Firearms litigation poses some of the most novel questions being litigated in our courts, spanning constitutional, statutory, and policy questions. This conference will help the legal community and policymakers think through some of these questions and create a framework to resolve them responsibly.
"Firearms Litigation: Liability, Regulation, and the Constitution" is co-sponsored by the Center on Civil Justice at NYU School of Law, the Duke Center for Firearms Law, and the Solomon Center for Health Law and Policy at Yale Law School. The event will take place December 1, 2020, from 1pm-5pm.
Panel 1: Liability Litigation: Products, Preemption , and the PLCAA
Suits for damages by private parties against gun manufacturers and others raise a number of important legal questions. The Protection of Lawful Commerce in Arms Act (PLCAA), which bars suits against gun manufacturer absent a “predicate exception,” were centered, and its interpretation raises numerous interesting issues, from intent of the drafters to federalism more broadly. Conflict between the Second Circuit in Beretta and the Connecticut Supreme Court in Soto, which differ on the breadth of the PLCAA's “predicate exception” and the extent to which a statute a gun manufacturer is accused of violating must directly regulate firearms, laid a framework for discussion.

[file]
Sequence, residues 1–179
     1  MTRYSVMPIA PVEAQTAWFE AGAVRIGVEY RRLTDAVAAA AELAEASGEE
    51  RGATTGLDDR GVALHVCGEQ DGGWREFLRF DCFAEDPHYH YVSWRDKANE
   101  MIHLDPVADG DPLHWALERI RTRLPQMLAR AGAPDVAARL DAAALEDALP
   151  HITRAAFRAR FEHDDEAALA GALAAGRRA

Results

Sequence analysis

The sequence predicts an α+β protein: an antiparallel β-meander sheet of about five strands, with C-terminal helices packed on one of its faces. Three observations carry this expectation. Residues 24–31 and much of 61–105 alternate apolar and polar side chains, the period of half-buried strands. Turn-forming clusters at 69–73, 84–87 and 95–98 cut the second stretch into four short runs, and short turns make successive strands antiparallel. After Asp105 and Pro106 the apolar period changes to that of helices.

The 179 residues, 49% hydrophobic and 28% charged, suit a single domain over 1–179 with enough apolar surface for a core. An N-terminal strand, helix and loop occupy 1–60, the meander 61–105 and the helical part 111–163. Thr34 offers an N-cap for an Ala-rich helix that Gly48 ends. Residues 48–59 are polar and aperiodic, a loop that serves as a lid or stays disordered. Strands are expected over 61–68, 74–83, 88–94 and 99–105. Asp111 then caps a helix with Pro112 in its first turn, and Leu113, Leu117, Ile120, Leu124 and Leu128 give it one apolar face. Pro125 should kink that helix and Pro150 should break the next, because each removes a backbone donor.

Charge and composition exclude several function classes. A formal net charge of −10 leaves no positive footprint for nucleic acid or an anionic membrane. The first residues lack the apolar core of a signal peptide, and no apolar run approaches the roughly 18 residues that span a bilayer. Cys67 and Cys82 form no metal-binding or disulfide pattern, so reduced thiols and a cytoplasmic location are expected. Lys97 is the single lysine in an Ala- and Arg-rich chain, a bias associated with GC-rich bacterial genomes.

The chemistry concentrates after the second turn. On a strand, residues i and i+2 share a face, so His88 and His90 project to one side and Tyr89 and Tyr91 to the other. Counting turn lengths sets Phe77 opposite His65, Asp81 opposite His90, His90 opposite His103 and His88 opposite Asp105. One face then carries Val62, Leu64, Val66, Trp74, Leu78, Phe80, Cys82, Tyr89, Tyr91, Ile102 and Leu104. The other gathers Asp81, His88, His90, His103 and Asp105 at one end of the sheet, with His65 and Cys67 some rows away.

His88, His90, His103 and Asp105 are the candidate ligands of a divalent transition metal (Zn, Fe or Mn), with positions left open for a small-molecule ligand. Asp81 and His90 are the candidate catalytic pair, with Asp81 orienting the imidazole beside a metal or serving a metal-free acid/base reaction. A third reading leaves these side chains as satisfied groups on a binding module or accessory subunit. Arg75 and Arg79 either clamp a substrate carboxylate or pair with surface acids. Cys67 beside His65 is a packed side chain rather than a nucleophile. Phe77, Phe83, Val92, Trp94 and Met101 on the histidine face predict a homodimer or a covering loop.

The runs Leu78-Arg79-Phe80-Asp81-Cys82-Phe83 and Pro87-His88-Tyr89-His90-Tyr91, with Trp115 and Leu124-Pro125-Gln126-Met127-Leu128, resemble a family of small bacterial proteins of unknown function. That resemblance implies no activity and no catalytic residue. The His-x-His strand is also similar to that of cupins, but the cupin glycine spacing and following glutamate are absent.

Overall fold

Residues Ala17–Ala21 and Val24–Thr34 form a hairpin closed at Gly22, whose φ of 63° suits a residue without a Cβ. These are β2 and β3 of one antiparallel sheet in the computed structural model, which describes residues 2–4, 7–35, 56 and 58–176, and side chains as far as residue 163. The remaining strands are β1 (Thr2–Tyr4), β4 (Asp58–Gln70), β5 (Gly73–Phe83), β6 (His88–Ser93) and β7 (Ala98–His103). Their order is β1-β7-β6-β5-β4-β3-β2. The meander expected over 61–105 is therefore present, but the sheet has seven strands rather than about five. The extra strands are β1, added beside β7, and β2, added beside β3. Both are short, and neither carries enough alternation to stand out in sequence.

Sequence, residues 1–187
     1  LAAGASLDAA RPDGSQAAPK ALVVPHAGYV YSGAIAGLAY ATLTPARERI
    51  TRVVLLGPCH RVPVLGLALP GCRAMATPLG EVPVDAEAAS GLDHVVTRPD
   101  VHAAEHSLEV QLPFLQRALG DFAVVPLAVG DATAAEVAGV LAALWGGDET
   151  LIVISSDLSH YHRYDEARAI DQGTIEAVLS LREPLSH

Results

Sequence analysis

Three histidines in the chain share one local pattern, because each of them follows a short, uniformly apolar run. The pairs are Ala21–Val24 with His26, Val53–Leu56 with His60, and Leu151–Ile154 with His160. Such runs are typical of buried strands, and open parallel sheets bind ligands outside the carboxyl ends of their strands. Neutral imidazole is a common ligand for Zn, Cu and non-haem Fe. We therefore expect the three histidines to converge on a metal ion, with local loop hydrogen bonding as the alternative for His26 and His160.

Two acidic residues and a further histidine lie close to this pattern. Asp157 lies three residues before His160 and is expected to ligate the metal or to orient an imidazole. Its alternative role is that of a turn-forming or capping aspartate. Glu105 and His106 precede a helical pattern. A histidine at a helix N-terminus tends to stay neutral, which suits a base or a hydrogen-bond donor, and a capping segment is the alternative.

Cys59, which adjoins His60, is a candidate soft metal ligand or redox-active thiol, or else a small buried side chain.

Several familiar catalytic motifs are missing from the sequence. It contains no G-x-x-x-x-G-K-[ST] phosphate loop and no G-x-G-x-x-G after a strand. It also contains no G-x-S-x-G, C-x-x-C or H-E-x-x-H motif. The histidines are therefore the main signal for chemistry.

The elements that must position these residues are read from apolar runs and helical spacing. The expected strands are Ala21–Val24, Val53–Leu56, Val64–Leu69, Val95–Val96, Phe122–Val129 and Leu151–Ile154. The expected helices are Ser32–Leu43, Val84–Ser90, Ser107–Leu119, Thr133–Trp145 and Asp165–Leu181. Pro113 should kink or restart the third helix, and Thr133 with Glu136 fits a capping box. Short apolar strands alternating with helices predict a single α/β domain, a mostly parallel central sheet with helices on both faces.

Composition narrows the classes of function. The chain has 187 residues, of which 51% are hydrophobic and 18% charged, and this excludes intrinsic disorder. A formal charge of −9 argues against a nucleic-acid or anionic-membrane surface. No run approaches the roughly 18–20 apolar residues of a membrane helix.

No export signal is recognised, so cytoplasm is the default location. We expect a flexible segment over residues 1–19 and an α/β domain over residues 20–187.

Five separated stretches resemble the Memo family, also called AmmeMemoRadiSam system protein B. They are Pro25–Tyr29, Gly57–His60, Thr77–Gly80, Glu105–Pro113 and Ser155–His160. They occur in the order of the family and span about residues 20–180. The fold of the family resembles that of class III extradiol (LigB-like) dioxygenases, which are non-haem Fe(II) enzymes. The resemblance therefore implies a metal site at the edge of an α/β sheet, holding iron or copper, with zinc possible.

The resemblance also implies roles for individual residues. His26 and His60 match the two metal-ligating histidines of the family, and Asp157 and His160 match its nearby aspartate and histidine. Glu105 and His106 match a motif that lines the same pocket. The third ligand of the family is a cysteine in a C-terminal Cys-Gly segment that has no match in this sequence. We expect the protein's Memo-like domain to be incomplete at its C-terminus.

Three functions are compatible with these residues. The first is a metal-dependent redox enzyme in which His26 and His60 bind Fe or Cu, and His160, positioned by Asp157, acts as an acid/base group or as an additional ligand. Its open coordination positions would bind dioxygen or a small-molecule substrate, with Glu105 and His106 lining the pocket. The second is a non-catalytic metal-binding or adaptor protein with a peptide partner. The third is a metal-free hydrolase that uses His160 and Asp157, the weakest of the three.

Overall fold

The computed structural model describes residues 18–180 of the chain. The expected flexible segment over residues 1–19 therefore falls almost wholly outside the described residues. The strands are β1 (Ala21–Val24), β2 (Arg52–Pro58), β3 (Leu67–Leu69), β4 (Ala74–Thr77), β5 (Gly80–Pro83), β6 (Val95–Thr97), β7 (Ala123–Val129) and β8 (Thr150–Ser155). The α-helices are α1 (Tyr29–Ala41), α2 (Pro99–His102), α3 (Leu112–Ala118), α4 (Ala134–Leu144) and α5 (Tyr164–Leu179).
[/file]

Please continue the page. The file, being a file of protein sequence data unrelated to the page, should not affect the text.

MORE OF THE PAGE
Panel 2: Constitutional Litigation
Challenges to federal, state, and local laws and regulations raise Second Amendment issues and Federalism-related policy questions. The panel examined the legal and Constitutional issues presented in litigation over gun rights in the face of regulation and legislation.
Panel 3: The Future of Litigation Strategies
The ultimate question of the conference is how litigation -- both affirmative and defensive -- should look. We looked at strategies invoked by practicing counsel, as well as procedural rules the courts should apply, and statutory policy recommendations that would govern the scope and shape of litigation.
This event has been approved for 4.5 CLE credit hours in the Areas of Professional Practice. The credit will be both transitional and non-transitional, and the event is appropriate for both newly admitted and experienced attorneys. To read the CLE materials, please click here.